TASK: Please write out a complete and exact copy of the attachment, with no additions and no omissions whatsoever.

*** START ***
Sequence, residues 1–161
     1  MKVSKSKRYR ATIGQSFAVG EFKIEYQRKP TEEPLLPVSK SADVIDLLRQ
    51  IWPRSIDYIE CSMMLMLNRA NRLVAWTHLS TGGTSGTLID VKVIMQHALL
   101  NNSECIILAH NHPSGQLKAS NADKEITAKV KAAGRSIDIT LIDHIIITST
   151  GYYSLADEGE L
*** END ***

Sequence, residues 1–161
     1  MKVSKSKRYR ATIGQSFAVG EFKIEYQRKP TEEPLLPVSK SADVIDLLRQ
    51  IWPRSIDYIE CSMMLMLNRA NRLVAWTHLS TGGTSGTLID VKVIMQHALL
   101  NNSECIILAH NHPSGQLKAS NADKEITAKV KAAGRSIDIT LIDHIIITST
   151  GYYSLADEGE L